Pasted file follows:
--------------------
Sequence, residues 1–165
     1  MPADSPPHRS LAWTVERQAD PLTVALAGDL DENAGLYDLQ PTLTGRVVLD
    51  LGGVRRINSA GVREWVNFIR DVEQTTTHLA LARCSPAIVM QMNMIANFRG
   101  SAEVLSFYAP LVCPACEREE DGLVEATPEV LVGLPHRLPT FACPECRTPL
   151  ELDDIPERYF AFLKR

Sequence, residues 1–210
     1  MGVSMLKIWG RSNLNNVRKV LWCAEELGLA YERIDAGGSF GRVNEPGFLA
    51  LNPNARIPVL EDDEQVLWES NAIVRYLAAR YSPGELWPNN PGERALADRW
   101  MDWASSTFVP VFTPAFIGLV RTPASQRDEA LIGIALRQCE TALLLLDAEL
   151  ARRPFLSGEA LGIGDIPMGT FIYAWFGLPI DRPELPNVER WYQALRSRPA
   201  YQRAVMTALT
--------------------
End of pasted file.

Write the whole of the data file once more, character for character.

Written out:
Sequence, residues 1–165
     1  MPADSPPHRS LAWTVERQAD PLTVALAGDL DENAGLYDLQ PTLTGRVVLD
    51  LGGVRRINSA GVREWVNFIR DVEQTTTHLA LARCSPAIVM QMNMIANFRG
   101  SAEVLSFYAP LVCPACEREE DGLVEATPEV LVGLPHRLPT FACPECRTPL
   151  ELDDIPERYF AFLKR

Sequence, residues 1–210
     1  MGVSMLKIWG RSNLNNVRKV LWCAEELGLA YERIDAGGSF GRVNEPGFLA
    51  LNPNARIPVL EDDEQVLWES NAIVRYLAAR YSPGELWPNN PGERALADRW
   101  MDWASSTFVP VFTPAFIGLV RTPASQRDEA LIGIALRQCE TALLLLDAEL
   151  ARRPFLSGEA LGIGDIPMGT FIYAWFGLPI DRPELPNVER WYQALRSRPA
   201  YQRAVMTALT